The ketogenic diet

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In the 1990s, fat was demonized. The macronutrient became the dirty word of the nutrition industry, and was shunned by consumers and professionals alike. Many believed that fat was the primary cause of a host of health problems, including weight gain, high cholesterol, and heart disease, although there wasn’t—and still isn’t—any sufficient scientific evidence to support these claims. Despite what the science showed, however, people began jumping on the low-fat bandwagon, turning to low-fat alternatives that were loaded with sugar and carbohydrates instead. As more fat-free and low-fat products became available, the average American became bigger. By 2001, about one-third of the American population was overweight. The prevalence of heart disease increased and diabetes rates soared. So what went wrong?

Fresh whole foods such as meat, eggs, cream, and butter—the foods your ancestors ate for centuries—were being replaced with low-fat Frankenfoods such as margarine, low-fat snack cookies, and skim milk. These foods were not only full of sugar and carbohydrates; some were also loaded with artificial ingredients. When these substances are consumed regularly, over time, the human body reacts by gaining weight, showing symptoms of fatigue and brain fog, and succumbing to chronic conditions. Although scientific research produced findings to the contrary, fat—especially saturated fat—had developed a lasting reputation for being bad for you. Although the low-fat diet craze eventually dwindled, the damage was done. Fat was shunned.

Now this may shock you—after all, it’s likely that you’ve been told for years or even decades to eat plenty of whole-grain carbohydrates and avoid saturated fat like the plague—but fat is good for you. Fat, even, perhaps especially, saturated fat, helps your body run like a well-oiled machine. Your body’s need for fat is the basis of the ketogenic diet, which encourages that you get most of your calories—around 75 percent—from fat and only 5 to 10 percent from carbohydrates. The remaining calories come from high-quality proteins.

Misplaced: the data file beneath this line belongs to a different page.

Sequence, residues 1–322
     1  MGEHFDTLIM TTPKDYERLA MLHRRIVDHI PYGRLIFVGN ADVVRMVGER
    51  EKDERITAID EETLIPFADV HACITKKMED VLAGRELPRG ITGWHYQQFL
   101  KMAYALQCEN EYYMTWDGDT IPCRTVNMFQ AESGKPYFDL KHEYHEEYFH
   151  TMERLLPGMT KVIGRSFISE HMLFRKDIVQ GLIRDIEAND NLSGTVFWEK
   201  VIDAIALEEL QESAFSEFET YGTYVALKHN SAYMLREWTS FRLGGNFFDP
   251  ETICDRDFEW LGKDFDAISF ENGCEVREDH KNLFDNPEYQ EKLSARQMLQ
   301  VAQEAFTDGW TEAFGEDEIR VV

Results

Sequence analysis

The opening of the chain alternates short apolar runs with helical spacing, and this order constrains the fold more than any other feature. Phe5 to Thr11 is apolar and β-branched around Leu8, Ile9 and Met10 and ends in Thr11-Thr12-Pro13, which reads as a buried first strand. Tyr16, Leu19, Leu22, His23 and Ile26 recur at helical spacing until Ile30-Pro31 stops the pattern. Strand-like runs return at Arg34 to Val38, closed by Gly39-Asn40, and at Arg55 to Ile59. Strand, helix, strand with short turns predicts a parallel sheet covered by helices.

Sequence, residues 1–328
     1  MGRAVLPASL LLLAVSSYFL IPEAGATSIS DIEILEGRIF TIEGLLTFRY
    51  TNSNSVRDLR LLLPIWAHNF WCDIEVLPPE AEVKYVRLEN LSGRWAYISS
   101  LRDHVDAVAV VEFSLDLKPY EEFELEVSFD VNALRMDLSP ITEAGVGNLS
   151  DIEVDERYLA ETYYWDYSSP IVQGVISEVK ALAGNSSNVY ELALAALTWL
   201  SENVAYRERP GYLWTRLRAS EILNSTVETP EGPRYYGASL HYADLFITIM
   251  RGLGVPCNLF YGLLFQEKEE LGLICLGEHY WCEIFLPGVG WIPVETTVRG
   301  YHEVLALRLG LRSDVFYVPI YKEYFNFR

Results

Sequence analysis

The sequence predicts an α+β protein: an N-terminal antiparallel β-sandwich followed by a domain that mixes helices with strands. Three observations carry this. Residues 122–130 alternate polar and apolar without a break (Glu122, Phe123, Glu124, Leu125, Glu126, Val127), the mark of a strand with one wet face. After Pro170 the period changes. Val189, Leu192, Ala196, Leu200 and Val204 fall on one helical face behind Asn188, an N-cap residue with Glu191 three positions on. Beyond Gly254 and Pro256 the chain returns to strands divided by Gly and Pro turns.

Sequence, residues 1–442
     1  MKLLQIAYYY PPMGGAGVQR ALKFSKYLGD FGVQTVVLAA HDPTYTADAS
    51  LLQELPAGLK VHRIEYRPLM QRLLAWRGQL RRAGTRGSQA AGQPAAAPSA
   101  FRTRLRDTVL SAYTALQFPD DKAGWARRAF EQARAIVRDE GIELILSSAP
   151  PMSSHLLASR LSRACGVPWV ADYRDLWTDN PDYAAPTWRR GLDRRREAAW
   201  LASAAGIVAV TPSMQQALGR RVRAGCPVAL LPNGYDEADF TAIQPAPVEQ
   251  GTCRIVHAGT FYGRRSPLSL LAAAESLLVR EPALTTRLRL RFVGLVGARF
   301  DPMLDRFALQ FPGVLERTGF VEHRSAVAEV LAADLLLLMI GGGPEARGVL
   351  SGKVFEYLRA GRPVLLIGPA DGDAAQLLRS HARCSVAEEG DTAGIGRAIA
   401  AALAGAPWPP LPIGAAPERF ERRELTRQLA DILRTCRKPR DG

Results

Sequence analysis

The ketogenic diet is not a new trend or a fad diet. It’s actually been around for decades. It was used in the 1920s as the main treatment method for difficult-to-control epilepsy in young children—and it worked remarkably well. Eventually, it fell out of fashion with the increasing availability of anti-seizure medications. People preferred a quick fix even if that fix meant the potential for more side effects. Today, people following nutritional ketogenic diets report weight loss, increased energy levels, better mood, improved concentration, and mental clarity.

Nevertheless, mainstream media and even some healthcare professionals tend to present the ketogenic diet in a negative light. Like fat, ketones, which are compounds created when the body begins using fat instead of carbohydrates for energy, have a bad reputation. Most of the concerns surrounding ketones and the ketogenic diet are unfounded or are a result of confusion between the terms “ketosis” and “ketoacidosis.” The European Journal of Clinical Nutrition states that this confusion and preconceived notions about the ketogenic diet—like the idea that all fat is bad for you—may be “presenting unnecessary barriers to their use as therapeutic tools in the physician’s hand.”

So now let’s put the rumors to rest and understand why fat is not just good but is essential to maintaining optimal health. It’s actually sugar, carbohydrates, and processed vegetable oils that are largely responsible for weight gain and the increasing rates of chronic health conditions. Limiting carbohydrates and replacing them with both saturated and unsaturated fats—the basis of the ketogenic diet—can not only help you lose weight, it can help you stay healthy for years to come.

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